Justice For Larry Jody Jenkins
Larry Jody Jenkins
Larry Jerome Jenkins was born November 8, 1970, in Milwaukee, Wisconsin. His life ended tragically September 19, 2002 on the corner of 37th Glendale Avenue. Larry was shot seven times by a Milwaukee police officer named Jon Bartlett. Larry was unarmed and seated in the passenger seat of a car.
On the night of September 19, 2002, Officer Jon Bartlett was on duty with Officer Kurt Lacina. Officers Bartlett and Lacina stopped a black jeep that was driven by a friend of his, the officers suspected of involvement in drug-related activity. As the officers approached, Mr. Jenkins exited the vehicle. Officer Bartlett searched him for weapons and decided to place him in the squad car while the officer completed his investigation. Before he could secure the car, Mr. Jenkins fled on foot and Officer Bartlett, also on foot, pursued him. After a one-to two-minute pursuit, Mr. Jenkins entered an occupied vehicle.
This is what the officer stated believing that Mr. Jenkins was attempting to car-jack the vehicle, Officer Bartlett drew his service weapon and approached the vehicle from the front. Mr. Jenkins was shot seven times and died at the scene. Larry was not driving the car as stated by the officer, nor was he trying to car-jack the driver, he knew the driver and the other people in the car. Larry Jenkins lost his life at the hands of a person who is supposed to serve and protect citizens.
Slain man’s mom must pay legal fees
Woman loses after suit over officer’s actionBy MARIE ROHDE
Posted: Oct. 5, 2008 http://www.jsonline.com/story/index.aspx?id=802815
Debra Jenkins with picture of only son,
Larry,shot by Jon Barlett
A Milwaukee County judge is requiring that Mayor Tom Barrett and Common Council President Willie Hines sign off on a $35,000 judgment that city lawyers obtained against a woman whose son was shot to death in 2002 by a police officer who was later convicted in the beating of Frank Jude Jr.
The judgment against Debra Jenkins was the result of an unsuccessful federal lawsuit she brought against the city in connection with the death of her only child, who was unarmed when he was shot seven times by Jon Bartlett, one of five police officers who were later convicted in the notorious beating of Frank Jude Jr. Debra Jenkins contended that Bartlett had used excessive force.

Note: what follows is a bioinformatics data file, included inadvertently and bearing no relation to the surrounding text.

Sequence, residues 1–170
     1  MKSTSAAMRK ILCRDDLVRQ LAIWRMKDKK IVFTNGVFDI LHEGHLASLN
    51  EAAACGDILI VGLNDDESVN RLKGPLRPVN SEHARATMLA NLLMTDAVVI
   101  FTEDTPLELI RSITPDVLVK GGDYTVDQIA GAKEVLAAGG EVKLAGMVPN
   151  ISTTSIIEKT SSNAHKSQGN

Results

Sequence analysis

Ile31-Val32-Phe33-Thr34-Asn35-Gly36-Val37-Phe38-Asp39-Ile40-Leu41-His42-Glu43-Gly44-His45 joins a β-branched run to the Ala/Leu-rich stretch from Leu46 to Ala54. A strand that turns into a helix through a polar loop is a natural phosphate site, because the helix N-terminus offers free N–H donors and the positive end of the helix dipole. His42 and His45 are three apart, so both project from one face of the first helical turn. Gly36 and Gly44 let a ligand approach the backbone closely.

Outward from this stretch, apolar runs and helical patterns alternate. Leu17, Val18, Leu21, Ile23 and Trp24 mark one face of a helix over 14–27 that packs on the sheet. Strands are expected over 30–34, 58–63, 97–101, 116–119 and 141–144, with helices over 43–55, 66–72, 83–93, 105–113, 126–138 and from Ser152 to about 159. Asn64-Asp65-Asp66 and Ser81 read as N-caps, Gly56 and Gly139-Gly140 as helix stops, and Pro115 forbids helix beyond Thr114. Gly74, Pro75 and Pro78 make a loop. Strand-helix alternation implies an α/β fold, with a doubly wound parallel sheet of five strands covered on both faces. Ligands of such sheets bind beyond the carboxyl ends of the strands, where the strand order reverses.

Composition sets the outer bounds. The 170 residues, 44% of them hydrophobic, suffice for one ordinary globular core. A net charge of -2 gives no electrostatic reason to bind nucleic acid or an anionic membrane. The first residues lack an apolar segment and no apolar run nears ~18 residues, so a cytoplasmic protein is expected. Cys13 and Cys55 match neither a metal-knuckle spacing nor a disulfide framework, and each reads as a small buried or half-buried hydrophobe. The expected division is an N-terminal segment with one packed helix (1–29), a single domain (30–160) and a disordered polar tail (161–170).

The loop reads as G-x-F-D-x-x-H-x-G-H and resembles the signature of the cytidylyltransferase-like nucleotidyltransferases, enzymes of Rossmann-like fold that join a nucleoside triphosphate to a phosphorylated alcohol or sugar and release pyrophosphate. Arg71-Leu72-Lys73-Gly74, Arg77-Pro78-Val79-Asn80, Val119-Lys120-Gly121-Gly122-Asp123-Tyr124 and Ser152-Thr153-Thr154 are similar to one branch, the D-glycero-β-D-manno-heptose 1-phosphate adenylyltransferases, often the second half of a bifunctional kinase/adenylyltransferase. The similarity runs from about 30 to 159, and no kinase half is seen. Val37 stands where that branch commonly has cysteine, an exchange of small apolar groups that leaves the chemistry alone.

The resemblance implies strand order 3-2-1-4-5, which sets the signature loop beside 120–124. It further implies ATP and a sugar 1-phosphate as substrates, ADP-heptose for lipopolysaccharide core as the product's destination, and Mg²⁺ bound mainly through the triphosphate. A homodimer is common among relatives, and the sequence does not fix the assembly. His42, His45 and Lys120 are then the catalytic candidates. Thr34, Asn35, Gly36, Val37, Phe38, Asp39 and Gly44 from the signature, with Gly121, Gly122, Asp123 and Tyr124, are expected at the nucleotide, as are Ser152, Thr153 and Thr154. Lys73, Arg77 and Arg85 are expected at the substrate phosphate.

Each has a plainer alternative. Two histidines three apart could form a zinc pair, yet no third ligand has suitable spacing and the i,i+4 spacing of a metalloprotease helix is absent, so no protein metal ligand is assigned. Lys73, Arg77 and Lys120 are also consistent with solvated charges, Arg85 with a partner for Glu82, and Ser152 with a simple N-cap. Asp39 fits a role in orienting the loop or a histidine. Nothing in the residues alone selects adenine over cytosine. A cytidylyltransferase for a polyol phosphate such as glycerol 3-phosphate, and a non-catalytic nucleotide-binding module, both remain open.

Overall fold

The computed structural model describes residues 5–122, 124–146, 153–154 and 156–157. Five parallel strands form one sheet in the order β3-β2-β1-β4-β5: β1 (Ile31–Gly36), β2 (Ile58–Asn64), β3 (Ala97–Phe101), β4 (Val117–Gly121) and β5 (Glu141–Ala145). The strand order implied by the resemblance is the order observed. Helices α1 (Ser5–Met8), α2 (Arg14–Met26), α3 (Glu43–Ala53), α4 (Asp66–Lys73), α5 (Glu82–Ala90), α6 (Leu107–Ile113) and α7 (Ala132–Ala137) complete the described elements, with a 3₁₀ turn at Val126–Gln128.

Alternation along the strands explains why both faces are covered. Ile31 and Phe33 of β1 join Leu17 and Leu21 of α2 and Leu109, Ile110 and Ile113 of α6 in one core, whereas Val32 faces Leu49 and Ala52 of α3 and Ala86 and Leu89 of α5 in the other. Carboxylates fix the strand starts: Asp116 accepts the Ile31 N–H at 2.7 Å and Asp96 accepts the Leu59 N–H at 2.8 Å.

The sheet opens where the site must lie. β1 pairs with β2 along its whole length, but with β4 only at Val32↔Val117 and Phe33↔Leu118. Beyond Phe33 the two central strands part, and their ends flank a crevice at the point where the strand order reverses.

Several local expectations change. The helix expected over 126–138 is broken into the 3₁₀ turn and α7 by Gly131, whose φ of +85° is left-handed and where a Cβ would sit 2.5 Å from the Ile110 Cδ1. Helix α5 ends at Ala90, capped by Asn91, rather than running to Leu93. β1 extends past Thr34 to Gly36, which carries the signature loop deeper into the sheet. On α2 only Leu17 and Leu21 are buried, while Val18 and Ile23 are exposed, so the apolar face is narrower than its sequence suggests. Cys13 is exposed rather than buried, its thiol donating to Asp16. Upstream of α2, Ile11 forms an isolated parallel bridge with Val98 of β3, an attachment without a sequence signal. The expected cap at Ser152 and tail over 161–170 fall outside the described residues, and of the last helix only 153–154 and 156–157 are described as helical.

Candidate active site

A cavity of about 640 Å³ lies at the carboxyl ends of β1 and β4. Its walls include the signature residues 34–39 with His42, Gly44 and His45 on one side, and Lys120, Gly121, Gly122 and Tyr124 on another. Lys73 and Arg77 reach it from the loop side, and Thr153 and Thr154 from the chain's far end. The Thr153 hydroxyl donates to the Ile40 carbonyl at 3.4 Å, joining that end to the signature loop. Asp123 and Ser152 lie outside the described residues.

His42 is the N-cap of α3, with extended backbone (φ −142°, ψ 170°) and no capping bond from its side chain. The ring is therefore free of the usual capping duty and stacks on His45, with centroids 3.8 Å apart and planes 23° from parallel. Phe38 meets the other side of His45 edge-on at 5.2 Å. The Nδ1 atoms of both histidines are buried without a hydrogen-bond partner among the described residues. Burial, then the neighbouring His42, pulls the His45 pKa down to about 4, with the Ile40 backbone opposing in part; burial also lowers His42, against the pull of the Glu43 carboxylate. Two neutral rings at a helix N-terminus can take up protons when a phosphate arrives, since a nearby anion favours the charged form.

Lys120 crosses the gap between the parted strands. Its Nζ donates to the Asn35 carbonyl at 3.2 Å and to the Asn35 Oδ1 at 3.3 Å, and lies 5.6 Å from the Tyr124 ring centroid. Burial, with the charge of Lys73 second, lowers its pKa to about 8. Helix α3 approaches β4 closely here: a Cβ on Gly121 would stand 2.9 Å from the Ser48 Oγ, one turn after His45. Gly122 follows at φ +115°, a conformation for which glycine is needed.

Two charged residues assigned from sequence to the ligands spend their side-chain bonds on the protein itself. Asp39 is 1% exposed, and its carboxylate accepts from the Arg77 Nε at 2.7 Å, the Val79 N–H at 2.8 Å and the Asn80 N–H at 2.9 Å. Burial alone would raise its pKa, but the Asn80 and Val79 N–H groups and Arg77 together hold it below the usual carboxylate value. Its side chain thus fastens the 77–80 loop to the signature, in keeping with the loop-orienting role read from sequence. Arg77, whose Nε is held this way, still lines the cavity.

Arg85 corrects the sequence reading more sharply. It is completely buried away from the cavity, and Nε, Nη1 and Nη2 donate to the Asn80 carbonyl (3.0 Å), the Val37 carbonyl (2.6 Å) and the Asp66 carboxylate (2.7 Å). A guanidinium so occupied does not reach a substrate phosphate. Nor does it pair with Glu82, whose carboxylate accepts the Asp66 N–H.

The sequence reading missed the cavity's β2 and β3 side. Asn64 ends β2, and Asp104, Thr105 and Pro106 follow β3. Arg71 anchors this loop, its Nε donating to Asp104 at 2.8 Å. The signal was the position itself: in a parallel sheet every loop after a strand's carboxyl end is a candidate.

Bartlett, whom U.S. District Judge Charles Clevert called the “worst” of the five officers charged in the Jude case, is serving a 17-year sentence in a Pennsylvania federal prison as a result of his conviction in the Jude case. He also was convicted in state court of attempting to buy a high-powered semiautomatic rifle and a pistol and a large amount of ammunition while under federal indictment in the Jude case. In a third separate case, he was convicted of threatening to blow up a police station.
Eileen Force, a spokeswoman for Barrett, said the mayor would not comment on pending litigation and referred the matter to the city attorney’s office. Neither City Attorney Grant Langley nor Sue Lappen, the assistant who handled the federal case for the city, returned a reporter’s calls. Hines said that, while he felt compassion for Debra Jenkins, her lawyer in the case should have advised her of the potential for damages.
“It appears that the court has spoken and the city is just responding to that,” Hines said.
Debra Jenkins said she will never find peace until there is an acknowledgment of police misconduct in her son’s death, one of a long line of unarmed men killed by police that were later ruled justifiable shootings. She said that the city’s lawyers told her that if she dropped the case before it went to the federal appellate court, she would not have to pay court costs.
“I could not do that,” Debra Jenkins said. “I was seeking justice, and it was as if they were saying, ‘you better not pursue this anymore.’ ”
Her son’s death, she said, is particularly onerous in light of Bartlett’s subsequent conviction in the racially charged beating of Frank Jude Jr.